10 December 2008

Fleeing the Cities

From the Moscow Times comes word that our family's move to the country isn't so unusual. Even in the former Soviet Union people are leaving city life behind in favor of rural values and relative self-sufficiency. The Sterligov family had much more serious things to flee than we did, though, and they have made a much deeper commitment to rural self-sufficiency. But it sounds like we'd have a lot in common, assuming we could bridge the language barrier.

The financial crisis has cost some tycoons their fortunes, but one of Russia's first multimillionaires says he hasn't lost a kopek.

That's because German Sterligov, a one-time boy wonder of Russia's young market economy, dropped out of the business world years ago and started raising sheep and other livestock on two farms outside Moscow.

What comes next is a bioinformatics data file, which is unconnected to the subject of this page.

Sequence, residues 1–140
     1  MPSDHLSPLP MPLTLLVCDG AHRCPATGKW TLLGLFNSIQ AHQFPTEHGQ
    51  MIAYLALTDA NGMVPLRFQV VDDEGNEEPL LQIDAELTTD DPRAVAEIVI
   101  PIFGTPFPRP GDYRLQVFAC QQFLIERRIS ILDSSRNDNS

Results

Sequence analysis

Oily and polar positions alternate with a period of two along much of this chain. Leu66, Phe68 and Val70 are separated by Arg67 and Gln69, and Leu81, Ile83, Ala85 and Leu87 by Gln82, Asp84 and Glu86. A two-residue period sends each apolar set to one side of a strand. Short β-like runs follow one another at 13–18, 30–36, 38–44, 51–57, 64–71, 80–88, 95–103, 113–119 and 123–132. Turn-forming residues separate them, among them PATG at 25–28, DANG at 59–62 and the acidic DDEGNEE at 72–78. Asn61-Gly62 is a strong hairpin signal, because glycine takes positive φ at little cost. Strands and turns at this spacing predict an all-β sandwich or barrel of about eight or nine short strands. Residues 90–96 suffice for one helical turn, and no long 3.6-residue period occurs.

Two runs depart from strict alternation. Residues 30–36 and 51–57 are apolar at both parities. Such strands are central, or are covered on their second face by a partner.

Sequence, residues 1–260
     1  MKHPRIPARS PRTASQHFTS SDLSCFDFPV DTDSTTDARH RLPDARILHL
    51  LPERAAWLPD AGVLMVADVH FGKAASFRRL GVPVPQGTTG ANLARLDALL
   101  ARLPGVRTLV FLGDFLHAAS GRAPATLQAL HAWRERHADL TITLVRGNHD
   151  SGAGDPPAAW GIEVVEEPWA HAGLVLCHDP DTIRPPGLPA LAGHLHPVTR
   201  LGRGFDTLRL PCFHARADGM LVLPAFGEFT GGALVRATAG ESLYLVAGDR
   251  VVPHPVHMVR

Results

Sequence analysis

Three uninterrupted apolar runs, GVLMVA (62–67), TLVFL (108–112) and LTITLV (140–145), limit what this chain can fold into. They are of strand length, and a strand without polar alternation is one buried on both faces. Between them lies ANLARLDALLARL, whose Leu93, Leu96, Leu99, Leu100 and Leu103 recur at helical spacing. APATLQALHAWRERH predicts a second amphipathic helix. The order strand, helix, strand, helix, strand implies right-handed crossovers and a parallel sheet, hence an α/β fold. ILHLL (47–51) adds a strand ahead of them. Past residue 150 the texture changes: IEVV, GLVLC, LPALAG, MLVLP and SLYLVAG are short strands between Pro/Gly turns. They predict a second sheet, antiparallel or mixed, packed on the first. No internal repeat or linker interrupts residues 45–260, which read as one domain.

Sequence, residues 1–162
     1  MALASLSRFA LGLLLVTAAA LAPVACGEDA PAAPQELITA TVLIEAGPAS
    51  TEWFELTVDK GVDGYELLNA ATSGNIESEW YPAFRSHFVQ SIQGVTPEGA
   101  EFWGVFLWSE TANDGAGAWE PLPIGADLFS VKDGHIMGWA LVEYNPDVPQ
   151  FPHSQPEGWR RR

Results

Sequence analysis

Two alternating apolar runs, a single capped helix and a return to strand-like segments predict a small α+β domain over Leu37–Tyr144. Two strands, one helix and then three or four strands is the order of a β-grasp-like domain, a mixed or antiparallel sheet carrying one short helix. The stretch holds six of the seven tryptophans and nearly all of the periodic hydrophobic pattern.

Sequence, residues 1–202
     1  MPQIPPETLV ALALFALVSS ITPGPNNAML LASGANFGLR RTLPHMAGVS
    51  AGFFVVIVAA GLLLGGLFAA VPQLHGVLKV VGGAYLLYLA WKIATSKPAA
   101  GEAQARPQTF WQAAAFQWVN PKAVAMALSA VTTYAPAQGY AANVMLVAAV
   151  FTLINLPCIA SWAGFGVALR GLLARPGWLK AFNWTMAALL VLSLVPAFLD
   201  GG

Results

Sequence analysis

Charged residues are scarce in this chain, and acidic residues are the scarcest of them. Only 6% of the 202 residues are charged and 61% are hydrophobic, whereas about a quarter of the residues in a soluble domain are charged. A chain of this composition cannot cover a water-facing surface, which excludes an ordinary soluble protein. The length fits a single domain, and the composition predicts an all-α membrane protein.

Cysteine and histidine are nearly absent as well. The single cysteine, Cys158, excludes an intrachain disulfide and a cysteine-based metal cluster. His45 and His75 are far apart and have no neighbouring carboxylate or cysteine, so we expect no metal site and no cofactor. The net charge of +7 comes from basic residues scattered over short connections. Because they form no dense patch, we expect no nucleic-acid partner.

"We're in clover compared to the oligarchs," Sterligov said on a recent weekend. "I've got 100 sheep, a horse, a cow, some poultry and goats."

Now Sterligov, 41, is promoting an electronic barter scheme for commodities trading that he claims could save Russia's foundering financial system.

But he has no plans, he said, to return to the traditional capitalist road, saying his luxury-loving former colleagues among the superrich will soon see the virtues of simplicity and self-sufficiency.

At Sterligov's log cabin about 100 kilometers northwest of Moscow one recent afternoon, hens pecked grain from the snow in front of the porch as he scolded his four sons -- aged 4 to 12 -- for neglecting to feed the chickens properly and for "messing up the stove."

Go read the whole thing. It's a wonderful story.

H/T: Laurie

1 comment:

Anonymous said...

Excellent find! Thanks for posting this. In hard work... also comes time to reflect. Industrialism has taken away this ability to reflect. God bless.